Consider the changing situation. First of all, the Diaoyutai Islands sovereignty dispute has expanded. It has become an East China Sea regional security issue. From Washington's perspective, the Diaoyutai Islands sovereignty dispute is an issue between China and Japan, But East China Sea and South China Sea security issues involve Washington's core interests and its "Return to Asia" strategy. Beijing unilaterally announced its East China Sea Air Defense Identification Zone. It requires other countries' civil and military aircraft passing through the East China Sea to inform them. The Diaoyutai Islands sovereignty dispute has escalated. It is now an East China Sea sovereignty dispute. The Sino-Japanese conflict has raised tensions between neighboring countries in the East China Sea. This provides Washington with a perfect excuse to intervene.
Secondly, the Sino-Japanese territorial dispute has intensified Sino-US regional confrontation. Last April the Diaoyutai Islands territorial dispute erupted. Washington was merely a spectator. Its position was that Beijing and Tokyo should resolve their differences through political dialogue. But it also wanted a strong Japan to counter Mainland China's rise. The U.S. had no desire to shred the post-war Japanese "peace constitution." It had no desire to change the balance of power in East Asia. But after Beijing announced its Air Defense Identification Zone, Washington rushed to send two bombers into the area to test Beijing's resolve. Washington officially declared that it was no longer a "bystander," but a participant.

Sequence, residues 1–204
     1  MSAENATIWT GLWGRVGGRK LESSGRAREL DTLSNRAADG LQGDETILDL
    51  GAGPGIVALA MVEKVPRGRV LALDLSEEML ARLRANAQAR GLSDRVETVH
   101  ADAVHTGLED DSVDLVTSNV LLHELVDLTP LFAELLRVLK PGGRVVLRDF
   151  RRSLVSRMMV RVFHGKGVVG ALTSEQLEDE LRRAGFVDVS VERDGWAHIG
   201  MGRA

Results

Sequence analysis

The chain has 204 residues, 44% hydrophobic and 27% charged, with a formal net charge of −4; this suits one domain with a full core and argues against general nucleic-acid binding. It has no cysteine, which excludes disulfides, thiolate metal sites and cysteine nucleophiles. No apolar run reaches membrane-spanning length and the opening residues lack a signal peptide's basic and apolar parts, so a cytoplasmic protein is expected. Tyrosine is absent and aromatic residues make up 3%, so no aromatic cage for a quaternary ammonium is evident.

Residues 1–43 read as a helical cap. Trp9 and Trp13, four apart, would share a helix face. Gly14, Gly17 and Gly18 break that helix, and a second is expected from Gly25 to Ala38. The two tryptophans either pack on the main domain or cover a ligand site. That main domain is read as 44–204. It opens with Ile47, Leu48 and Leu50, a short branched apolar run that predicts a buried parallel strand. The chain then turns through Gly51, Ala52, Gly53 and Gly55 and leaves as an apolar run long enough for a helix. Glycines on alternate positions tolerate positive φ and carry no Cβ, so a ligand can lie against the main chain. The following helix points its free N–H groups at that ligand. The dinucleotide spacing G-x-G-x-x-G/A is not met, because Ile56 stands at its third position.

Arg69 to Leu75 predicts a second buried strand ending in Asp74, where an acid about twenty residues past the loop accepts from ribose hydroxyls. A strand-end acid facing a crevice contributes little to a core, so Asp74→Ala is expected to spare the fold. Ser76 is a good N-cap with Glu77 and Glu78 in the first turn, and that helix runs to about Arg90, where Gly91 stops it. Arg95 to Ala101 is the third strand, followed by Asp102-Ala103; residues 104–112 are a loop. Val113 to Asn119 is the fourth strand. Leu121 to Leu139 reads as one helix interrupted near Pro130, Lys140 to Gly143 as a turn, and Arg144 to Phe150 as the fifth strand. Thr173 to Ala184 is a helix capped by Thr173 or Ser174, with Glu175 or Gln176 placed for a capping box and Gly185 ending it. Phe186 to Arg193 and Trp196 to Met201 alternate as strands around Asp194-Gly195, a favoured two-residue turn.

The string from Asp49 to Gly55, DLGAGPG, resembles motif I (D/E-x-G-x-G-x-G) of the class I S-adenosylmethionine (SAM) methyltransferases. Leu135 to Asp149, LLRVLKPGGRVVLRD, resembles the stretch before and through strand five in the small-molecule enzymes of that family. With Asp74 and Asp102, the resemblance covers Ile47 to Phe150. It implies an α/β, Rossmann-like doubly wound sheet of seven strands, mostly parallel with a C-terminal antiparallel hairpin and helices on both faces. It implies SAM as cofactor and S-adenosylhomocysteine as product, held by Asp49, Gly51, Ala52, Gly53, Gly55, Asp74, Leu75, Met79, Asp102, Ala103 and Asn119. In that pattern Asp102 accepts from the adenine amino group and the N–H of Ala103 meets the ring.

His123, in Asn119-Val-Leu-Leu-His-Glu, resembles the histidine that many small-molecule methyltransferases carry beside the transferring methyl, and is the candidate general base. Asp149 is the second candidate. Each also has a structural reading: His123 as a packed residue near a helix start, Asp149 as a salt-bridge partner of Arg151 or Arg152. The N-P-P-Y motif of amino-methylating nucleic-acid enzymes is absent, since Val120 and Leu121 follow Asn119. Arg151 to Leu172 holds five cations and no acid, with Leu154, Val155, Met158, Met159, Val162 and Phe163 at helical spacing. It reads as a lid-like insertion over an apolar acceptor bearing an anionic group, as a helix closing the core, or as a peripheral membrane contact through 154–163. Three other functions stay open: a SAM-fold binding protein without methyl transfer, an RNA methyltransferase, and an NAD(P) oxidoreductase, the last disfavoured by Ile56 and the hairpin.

Consider the new policy direction. First, Mainland China's "peaceful rise" has taken a new turn. Since 2000, "peaceful rise" and "good-neighbor diplomacy" have been the two pillars of Beijing's foreign policy. The CCP Third Plenary Session consolidated Xi Jinping's power. Mainland China's Ministry of Defense announced its East China Sea Air Defense Identification Zone. This was a new twist in Mainland China's diplomacy. This was a new starting point for Xi Jinping's dream of becoming a great nation. Mainland China's foreign policy is increasingly assertive. It also include cross-Strait relations. This year Xi Jinping stressed that the cross-Strait issue "cannot be handed down from one generation to the next." As we can see, Taipei will face increasing pressure during political negotiations with Beijing.